"I have a very good working relationship with him. He was a great chairman, he's been very good to work with as ranking member, and I look forward to continuing to do so," the Tennessee Republican told National Journal.
Menendez has prided himself on being an independent thinker—not beholden to anyone, even his own party's commander in chief. During an address at the AIPAC policy conference last week, Menendez said it succinctly.
"When it comes to defending the U.S.-Israel relationship, I am not intimidated by anyone—not Israel's political enemies and not by my political friends when I believe they're wrong," he said.
Menendez's adversarial relationship with the White House has given fuel to rumblings on Capitol Hill, however, that the upcoming charges against him are not just merely bad timing, but politically motivated. After all, some argue that Menendez is a clear obstacle for the Obama administration as it charts out its final two-year foreign policy agenda.
For Menendez, this goes beyond talk. On Cuba, Menendez is vehemently against normalizing relations with a country that has a record of human-rights abuses. And on Iran, Menendez is a lead sponsor of legislation that would give Congress final say if the U.S. manages to cut a nuclear deal with Iran that rolls back congressionally authorized sanctions.
This has led some senators to more explicitly suggest an ulterior motive for the leaks. The report on the charges "came right after a bold speech from Senator Menendez that he wants to look at the [Iran] deal, too," says Republican Sen. Lindsey Graham of South Carolina. "I don't know what happened, but it sure doesn't smell right."
During a trip to Iowa over the weekend, NBC News reported that Sen. Ted Cruz said the "timing was curious."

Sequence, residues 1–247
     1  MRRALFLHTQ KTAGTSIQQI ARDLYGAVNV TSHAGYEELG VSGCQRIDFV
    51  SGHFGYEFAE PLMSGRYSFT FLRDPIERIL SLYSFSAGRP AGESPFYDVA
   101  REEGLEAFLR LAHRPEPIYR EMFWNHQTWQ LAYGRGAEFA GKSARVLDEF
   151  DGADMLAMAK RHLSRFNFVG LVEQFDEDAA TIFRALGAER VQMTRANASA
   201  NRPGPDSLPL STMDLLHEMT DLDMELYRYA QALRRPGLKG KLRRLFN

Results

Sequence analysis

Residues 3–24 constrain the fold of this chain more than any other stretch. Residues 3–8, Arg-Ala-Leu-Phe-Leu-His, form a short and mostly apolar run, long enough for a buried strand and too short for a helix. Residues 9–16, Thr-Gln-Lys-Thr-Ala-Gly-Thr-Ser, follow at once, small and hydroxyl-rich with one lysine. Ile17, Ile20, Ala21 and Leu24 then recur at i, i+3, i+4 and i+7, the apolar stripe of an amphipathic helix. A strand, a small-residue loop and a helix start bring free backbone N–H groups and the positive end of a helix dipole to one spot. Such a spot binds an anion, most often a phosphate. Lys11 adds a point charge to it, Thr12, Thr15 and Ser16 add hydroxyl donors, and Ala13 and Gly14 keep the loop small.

"It raises a suggestion to other Democrats that if you dare part from the Obama White House, that criminal prosecutions will be used potentially as a political weapon," Cruz said, according to NBC.
Even if an indictment lands in the upcoming weeks, Republicans say they won't be the ones who determine Menendez's political future as the ranking member of a committee. While true by Senate procedure, it marks the goodwill Menendez has been able to establish with his colleagues on the other side of the aisle.
"There are no formal charges yet, and when there are, that is really a decision for the Democrat caucus to deal with," said Sen. Roy Blunt, vice chairman of the Senate Republican Conference. "I don't know if there is much benefit in trying to speculate on anything until those two things have happened."
And Democratic leadership isn't backing down from their full-throated support of its top foreign policy maker, even if he has been an occasional nuisance for the Obama administration.
"As far as I'm concerned, he's been an outstanding senator," Senate Minority Leader Harry Reid told reporters Tuesday.
For now, Capitol Hill is in a holding pattern, and Menendez can stay right where Republicans value him—a thorn in the White House's side.
This article is from the archive of our partner National Journal.